Iranian Parliament Speaker Ali Larijani says the Islamic Republic will restore its nuclear program to where it was prior to the signing of the 2015 nuclear agreement between Tehran and the P5+1 group of countries if the US scraps the agreement.
In case of the revocation of the nuclear deal - known as the Joint Comprehensive Plan of Action (JCPOA) - by the US, everything will go back to square one, Larijani was quoted by IRNA as saying in an interview with the Lebanon-based al-Mayadeen TV channel.
The top Iranian parliamentarian made the comments amid a number of indications that the administration of US President Donald Trump may want to stop implementing its commitments under the JCPOA. Trump had previously threatened to rip up the deal and called it “the worst accord ever” and “one of the dumbest” ones he had come across.
Iran and the five permanent members of the United Nations Security Council - the United States, France, Britain, Russia and China - plus Germany signed the JCPOA on July 14, 2015 and started implementing it on January 16, 2016.
Under the nuclear agreement, Iran undertook to put limitations on its nuclear program in exchange for the removal of nuclear-related sanctions imposed against Tehran.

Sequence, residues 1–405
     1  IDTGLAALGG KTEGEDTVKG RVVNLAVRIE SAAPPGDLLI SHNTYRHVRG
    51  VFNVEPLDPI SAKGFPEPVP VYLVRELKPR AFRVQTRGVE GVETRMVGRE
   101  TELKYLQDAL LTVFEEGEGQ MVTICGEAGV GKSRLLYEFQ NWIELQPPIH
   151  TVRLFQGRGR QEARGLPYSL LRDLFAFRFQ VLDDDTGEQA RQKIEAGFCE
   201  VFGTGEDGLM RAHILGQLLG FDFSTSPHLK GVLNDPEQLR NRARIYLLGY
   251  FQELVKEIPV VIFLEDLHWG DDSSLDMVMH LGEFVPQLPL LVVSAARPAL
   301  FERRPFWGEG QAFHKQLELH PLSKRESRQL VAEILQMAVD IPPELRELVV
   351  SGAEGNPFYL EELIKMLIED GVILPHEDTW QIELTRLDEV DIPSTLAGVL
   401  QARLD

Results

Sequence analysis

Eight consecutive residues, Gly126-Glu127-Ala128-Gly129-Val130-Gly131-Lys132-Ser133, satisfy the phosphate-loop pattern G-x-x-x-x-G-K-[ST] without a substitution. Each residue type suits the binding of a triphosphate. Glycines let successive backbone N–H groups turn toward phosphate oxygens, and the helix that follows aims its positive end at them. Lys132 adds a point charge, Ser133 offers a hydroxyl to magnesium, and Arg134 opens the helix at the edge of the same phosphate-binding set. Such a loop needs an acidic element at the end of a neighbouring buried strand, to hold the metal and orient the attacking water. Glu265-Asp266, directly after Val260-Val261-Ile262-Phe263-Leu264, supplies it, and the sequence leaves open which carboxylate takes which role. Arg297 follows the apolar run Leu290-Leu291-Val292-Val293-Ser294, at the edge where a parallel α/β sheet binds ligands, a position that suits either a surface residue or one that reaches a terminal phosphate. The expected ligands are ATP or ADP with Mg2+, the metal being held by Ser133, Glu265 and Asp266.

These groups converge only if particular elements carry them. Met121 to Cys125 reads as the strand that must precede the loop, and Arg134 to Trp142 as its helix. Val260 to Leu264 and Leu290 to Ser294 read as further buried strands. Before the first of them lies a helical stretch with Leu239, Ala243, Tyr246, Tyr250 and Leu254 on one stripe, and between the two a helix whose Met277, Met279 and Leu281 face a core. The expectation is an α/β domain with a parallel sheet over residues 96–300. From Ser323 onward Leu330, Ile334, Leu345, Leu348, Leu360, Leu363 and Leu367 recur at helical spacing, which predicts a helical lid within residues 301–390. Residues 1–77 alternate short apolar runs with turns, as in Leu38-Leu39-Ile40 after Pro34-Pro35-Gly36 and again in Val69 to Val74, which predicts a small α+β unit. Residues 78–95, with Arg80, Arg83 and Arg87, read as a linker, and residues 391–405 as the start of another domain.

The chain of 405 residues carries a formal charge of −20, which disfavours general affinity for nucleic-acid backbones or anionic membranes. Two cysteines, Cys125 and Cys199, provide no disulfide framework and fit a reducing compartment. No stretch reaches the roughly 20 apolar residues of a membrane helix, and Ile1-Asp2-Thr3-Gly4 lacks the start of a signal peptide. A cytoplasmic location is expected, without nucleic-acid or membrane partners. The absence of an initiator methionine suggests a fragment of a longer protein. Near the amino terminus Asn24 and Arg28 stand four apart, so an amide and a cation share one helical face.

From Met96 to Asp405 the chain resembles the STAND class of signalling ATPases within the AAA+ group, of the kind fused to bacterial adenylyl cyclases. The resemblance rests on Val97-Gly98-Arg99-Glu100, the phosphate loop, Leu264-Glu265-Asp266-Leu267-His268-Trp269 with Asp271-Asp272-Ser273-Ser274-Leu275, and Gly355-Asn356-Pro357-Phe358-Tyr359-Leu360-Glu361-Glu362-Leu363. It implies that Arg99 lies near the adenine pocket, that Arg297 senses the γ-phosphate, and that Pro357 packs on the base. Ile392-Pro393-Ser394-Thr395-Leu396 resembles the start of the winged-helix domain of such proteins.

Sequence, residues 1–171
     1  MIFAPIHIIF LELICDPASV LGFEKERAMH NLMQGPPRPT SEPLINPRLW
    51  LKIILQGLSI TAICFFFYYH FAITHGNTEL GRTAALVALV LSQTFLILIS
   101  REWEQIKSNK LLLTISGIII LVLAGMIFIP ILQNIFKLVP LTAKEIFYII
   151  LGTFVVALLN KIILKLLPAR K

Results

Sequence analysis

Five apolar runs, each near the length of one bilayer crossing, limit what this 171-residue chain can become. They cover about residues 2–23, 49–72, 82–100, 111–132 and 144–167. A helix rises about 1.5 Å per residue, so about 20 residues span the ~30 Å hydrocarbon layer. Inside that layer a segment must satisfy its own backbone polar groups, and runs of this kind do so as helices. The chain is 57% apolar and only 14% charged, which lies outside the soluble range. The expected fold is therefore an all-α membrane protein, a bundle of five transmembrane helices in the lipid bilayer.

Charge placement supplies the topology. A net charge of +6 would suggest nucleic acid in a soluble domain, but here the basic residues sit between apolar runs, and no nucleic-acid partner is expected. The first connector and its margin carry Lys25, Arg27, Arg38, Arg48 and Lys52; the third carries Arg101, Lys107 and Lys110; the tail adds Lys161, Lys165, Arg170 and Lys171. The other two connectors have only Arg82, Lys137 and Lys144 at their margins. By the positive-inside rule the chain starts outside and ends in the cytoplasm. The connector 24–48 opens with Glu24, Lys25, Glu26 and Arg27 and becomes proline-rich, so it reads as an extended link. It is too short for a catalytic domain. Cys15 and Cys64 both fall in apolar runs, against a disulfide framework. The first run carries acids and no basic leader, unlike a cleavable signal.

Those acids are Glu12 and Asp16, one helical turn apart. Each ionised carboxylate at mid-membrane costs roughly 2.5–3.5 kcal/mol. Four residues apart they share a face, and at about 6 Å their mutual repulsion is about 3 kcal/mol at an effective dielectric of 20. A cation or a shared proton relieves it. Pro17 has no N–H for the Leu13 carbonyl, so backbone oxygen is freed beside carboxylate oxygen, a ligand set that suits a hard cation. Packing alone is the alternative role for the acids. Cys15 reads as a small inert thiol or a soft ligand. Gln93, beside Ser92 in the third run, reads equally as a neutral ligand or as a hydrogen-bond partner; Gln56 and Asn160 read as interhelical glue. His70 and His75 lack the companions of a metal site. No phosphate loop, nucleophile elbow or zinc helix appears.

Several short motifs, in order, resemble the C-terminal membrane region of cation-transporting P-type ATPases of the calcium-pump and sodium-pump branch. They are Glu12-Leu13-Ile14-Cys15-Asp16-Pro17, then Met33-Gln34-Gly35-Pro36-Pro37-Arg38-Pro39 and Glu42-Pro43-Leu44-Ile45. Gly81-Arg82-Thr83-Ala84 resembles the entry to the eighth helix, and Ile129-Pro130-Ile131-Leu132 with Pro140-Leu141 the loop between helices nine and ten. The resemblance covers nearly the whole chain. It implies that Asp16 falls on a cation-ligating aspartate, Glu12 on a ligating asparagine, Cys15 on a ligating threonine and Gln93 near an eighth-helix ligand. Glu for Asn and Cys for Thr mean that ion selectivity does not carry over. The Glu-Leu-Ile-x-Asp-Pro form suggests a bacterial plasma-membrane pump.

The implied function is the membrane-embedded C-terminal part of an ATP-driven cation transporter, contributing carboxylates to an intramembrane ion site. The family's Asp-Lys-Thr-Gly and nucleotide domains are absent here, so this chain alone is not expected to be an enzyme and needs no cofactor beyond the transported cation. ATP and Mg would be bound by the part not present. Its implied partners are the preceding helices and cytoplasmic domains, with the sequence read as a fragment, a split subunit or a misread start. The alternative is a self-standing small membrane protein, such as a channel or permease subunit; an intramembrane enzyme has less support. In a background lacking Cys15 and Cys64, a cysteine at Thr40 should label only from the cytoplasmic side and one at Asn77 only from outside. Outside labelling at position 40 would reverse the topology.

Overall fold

Iran, Russia on course for strategic alliance
Elsewhere in his interview, Larijani touched on the relations between Iran and Russia and said the two countries are moving toward forming a strategic alliance in the region.
Iran has been providing military advisory support to both Iraq and Syria in their campaign against terrorism at the requests of the two countries’ governments.
The Islamic Republic was among the first countries to help Iraq when the Daesh terrorist group unleashed a campaign of death and destruction in the northern and western parts of the Arab country in 2014.
Russia has also been carrying out an aerial campaign against the militants in Syria on a request from the Damascus government.
Larijani further said Iran welcomes negotiations with Arab countries, including Saudi Arabia, emphasizing that the Islamic Republic sets and accepts no preconditions in this regard.
His remarks came after Iranian President Hassan Rouhani paid a day-long visit to Oman and Kuwait on Wednesday to boost cordial relations.
“The visits, which took place at a time when the region is in special and sensitive circumstances, indicate the countries’ common will to expand friendly ties across the strategic waters of the Persian Gulf,” Iranian Foreign Ministry Spokesman Bahram Qassemi said on Thursday.
The visits came after Kuwaiti Foreign Minister Sabah al-Khalid al-Sabah traveled to Tehran on January 25, bearing a letter from the Kuwaiti emir on behalf of the Persian Gulf littoral states seeking to fix ties with Tehran, which began to deteriorate last year amid the confrontational approach taken by the new Saudi rulers to Tehran.
Saudi Arabia unilaterally severed its diplomatic ties with Iran last January. It made the move after protests in front of its diplomatic premises in the Islamic Republic against its earlier execution of top Saudi Shia cleric Sheikh Nimr al-Nimr. Subsequently, many of the kingdom’s allies either downgraded or cut their Iran ties.